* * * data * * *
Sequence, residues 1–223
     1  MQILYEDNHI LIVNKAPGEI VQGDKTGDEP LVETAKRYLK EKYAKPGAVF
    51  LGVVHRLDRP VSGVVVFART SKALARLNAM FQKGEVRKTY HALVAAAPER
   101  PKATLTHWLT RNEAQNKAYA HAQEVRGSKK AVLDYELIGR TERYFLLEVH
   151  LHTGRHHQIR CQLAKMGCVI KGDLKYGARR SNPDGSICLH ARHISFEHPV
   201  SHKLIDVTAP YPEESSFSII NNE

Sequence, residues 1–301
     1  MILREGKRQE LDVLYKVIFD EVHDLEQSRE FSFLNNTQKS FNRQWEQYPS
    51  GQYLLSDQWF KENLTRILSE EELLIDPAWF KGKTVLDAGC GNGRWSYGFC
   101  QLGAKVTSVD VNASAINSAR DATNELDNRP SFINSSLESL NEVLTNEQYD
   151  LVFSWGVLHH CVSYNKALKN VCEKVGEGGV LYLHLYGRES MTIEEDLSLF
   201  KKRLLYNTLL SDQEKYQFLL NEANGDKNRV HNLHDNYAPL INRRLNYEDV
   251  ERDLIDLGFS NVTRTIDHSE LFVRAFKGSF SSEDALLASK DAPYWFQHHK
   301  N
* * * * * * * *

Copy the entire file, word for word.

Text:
Sequence, residues 1–223
     1  MQILYEDNHI LIVNKAPGEI VQGDKTGDEP LVETAKRYLK EKYAKPGAVF
    51  LGVVHRLDRP VSGVVVFART SKALARLNAM FQKGEVRKTY HALVAAAPER
   101  PKATLTHWLT RNEAQNKAYA HAQEVRGSKK AVLDYELIGR TERYFLLEVH
   151  LHTGRHHQIR CQLAKMGCVI KGDLKYGARR SNPDGSICLH ARHISFEHPV
   201  SHKLIDVTAP YPEESSFSII NNE

Sequence, residues 1–301
     1  MILREGKRQE LDVLYKVIFD EVHDLEQSRE FSFLNNTQKS FNRQWEQYPS
    51  GQYLLSDQWF KENLTRILSE EELLIDPAWF KGKTVLDAGC GNGRWSYGFC
   101  QLGAKVTSVD VNASAINSAR DATNELDNRP SFINSSLESL NEVLTNEQYD
   151  LVFSWGVLHH CVSYNKALKN VCEKVGEGGV LYLHLYGRES MTIEEDLSLF
   201  KKRLLYNTLL SDQEKYQFLL NEANGDKNRV HNLHDNYAPL INRRLNYEDV
   251  ERDLIDLGFS NVTRTIDHSE LFVRAFKGSF SSEDALLASK DAPYWFQHHK
   301  N